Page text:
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3,4-Methylenedioxymethamphetamine (MDMA) neurotoxicity in rats: a reappraisal of past and present findings.
Psychopharmacology (Berl). 2007 Jan; 189(4):407-24.P

Abstract

RATIONALE

3,4-Methylenedioxymethamphetamine (MDMA) is a widely abused illicit drug. In animals, high-dose administration of MDMA produces deficits in serotonin (5-HT) neurons (e.g., depletion of forebrain 5-HT) that have been interpreted as neurotoxicity. Whether such 5-HT deficits reflect neuronal damage is a matter of ongoing debate.

OBJECTIVE

The present paper reviews four specific issues related to the hypothesis of MDMA neurotoxicity in rats: (1) the effects of MDMA on monoamine neurons, (2) the use of "interspecies scaling" to adjust MDMA doses across species, (3) the effects of MDMA on established markers of neuronal damage, and (4) functional impairments associated with MDMA-induced 5-HT depletions.

RESULTS

MDMA is a substrate for monoamine transporters, and stimulated release of 5-HT, NE, and DA mediates effects of the drug. MDMA produces neurochemical, endocrine, and behavioral actions in rats and humans at equivalent doses (e.g., 1-2 mg/kg), suggesting that there is no reason to adjust doses between these species. Typical doses of MDMA causing long-term 5-HT depletions in rats (e.g., 10-20 mg/kg) do not reliably increase markers of neurotoxic damage such as cell death, silver staining, or reactive gliosis. MDMA-induced 5-HT depletions are accompanied by a number of functional consequences including reductions in evoked 5-HT release and changes in hormone secretion. Perhaps more importantly, administration of MDMA to rats induces persistent anxiety-like behaviors in the absence of measurable 5-HT deficits.

CONCLUSIONS

MDMA-induced 5-HT depletions are not necessarily synonymous with neurotoxic damage. However, doses of MDMA which do not cause long-term 5-HT depletions can have protracted effects on behavior, suggesting even moderate doses of the drug may pose risks.

Authors+Show Affiliations

Clinical Psychopharmacology Section, Intramural Research Program (IRP), National Institute on Drug Abuse (NIDA), National Institutes of Health (NIH), 5500 Nathan Shock Drive, Baltimore, MD 21224, USA. mbaumann@intra.nida.nih.govNo affiliation info availableNo affiliation info available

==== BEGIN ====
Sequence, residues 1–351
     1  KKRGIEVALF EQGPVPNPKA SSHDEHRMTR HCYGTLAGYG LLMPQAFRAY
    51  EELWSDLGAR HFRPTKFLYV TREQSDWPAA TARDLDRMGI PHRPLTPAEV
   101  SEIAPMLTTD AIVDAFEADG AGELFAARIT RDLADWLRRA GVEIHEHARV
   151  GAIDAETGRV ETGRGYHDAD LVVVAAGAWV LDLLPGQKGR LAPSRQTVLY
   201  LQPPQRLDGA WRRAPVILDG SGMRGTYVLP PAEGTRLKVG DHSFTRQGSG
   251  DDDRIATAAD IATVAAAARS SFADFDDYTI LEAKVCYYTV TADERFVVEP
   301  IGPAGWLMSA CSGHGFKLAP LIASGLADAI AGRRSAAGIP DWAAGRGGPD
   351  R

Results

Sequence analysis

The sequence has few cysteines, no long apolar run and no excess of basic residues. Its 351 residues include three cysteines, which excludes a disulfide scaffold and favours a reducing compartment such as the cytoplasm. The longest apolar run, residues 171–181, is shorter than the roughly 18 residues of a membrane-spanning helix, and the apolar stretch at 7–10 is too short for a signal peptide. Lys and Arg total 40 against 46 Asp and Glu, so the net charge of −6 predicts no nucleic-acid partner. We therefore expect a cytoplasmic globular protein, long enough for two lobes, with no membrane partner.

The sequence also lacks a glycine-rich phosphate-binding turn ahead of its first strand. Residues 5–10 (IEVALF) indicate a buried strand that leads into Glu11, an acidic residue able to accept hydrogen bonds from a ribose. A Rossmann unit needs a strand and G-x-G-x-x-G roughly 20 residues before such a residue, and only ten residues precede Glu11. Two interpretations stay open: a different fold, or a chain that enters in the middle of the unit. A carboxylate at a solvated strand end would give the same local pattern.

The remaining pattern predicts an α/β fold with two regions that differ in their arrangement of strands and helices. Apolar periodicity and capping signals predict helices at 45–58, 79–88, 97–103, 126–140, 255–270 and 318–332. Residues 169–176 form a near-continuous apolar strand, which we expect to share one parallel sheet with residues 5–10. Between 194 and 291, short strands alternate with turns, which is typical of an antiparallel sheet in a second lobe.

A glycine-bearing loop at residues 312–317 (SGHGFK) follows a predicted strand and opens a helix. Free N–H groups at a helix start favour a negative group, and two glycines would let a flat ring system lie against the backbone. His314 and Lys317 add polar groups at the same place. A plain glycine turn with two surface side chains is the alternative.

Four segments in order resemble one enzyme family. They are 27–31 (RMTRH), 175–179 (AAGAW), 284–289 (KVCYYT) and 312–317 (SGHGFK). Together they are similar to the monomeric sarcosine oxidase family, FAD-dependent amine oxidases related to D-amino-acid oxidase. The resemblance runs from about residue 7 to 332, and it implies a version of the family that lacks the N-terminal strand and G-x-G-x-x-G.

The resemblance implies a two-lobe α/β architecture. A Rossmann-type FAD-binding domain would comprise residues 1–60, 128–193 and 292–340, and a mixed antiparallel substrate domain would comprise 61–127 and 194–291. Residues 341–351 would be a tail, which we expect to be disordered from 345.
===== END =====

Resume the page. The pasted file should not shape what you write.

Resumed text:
Pub Type(s)

Journal Article
Research Support, N.I.H., Extramural
Review

Language

eng

PubMed ID

16541247

Citation

Baumann, Michael H., et al. "3,4-Methylenedioxymethamphetamine (MDMA) Neurotoxicity in Rats: a Reappraisal of Past and Present Findings." Psychopharmacology, vol. 189, no. 4, 2007, pp. 407-24.
Baumann MH, Wang X, Rothman RB. 3,4-Methylenedioxymethamphetamine (MDMA) neurotoxicity in rats: a reappraisal of past and present findings. Psychopharmacology (Berl). 2007;189(4):407-24.
Baumann, M. H., Wang, X., & Rothman, R. B. (2007). 3,4-Methylenedioxymethamphetamine (MDMA) neurotoxicity in rats: a reappraisal of past and present findings. Psychopharmacology, 189(4), 407-24.
Baumann MH, Wang X, Rothman RB. 3,4-Methylenedioxymethamphetamine (MDMA) Neurotoxicity in Rats: a Reappraisal of Past and Present Findings. Psychopharmacology (Berl). 2007;189(4):407-24. PubMed PMID: 16541247.
* Article titles in AMA citation format should be in sentence-case
TY - JOUR T1 - 3,4-Methylenedioxymethamphetamine (MDMA) neurotoxicity in rats: a reappraisal of past and present findings. AU - Baumann,Michael H, AU - Wang,Xiaoying, AU - Rothman,Richard B, Y1 - 2006/03/16/ PY - 2005/12/09/received PY - 2006/01/07/accepted PY - 2006/3/17/pubmed PY - 2007/3/3/medline PY - 2006/3/17/entrez SP - 407 EP - 24 JF - Psychopharmacology JO - Psychopharmacology (Berl.) VL - 189 IS - 4 N2 - RATIONALE: 3,4-Methylenedioxymethamphetamine (MDMA) is a widely abused illicit drug. In animals, high-dose administration of MDMA produces deficits in serotonin (5-HT) neurons (e.g., depletion of forebrain 5-HT) that have been interpreted as neurotoxicity. Whether such 5-HT deficits reflect neuronal damage is a matter of ongoing debate. OBJECTIVE: The present paper reviews four specific issues related to the hypothesis of MDMA neurotoxicity in rats: (1) the effects of MDMA on monoamine neurons, (2) the use of "interspecies scaling" to adjust MDMA doses across species, (3) the effects of MDMA on established markers of neuronal damage, and (4) functional impairments associated with MDMA-induced 5-HT depletions. RESULTS: MDMA is a substrate for monoamine transporters, and stimulated release of 5-HT, NE, and DA mediates effects of the drug. MDMA produces neurochemical, endocrine, and behavioral actions in rats and humans at equivalent doses (e.g., 1-2 mg/kg), suggesting that there is no reason to adjust doses between these species. Typical doses of MDMA causing long-term 5-HT depletions in rats (e.g., 10-20 mg/kg) do not reliably increase markers of neurotoxic damage such as cell death, silver staining, or reactive gliosis. MDMA-induced 5-HT depletions are accompanied by a number of functional consequences including reductions in evoked 5-HT release and changes in hormone secretion. Perhaps more importantly, administration of MDMA to rats induces persistent anxiety-like behaviors in the absence of measurable 5-HT deficits. CONCLUSIONS: MDMA-induced 5-HT depletions are not necessarily synonymous with neurotoxic damage. However, doses of MDMA which do not cause long-term 5-HT depletions can have protracted effects on behavior, suggesting even moderate doses of the drug may pose risks. SN - 0033-3158 UR - https://www.unboundmedicine.com/medline/citation/16541247/34_Methylenedioxymethamphetamine__MDMA__neurotoxicity_in_rats:_a_reappraisal_of_past_and_present_findings_ L2 - https://dx.doi.org/10.1007/s00213-006-0322-6 DB - PRIME DP - Unbound Medicine ER -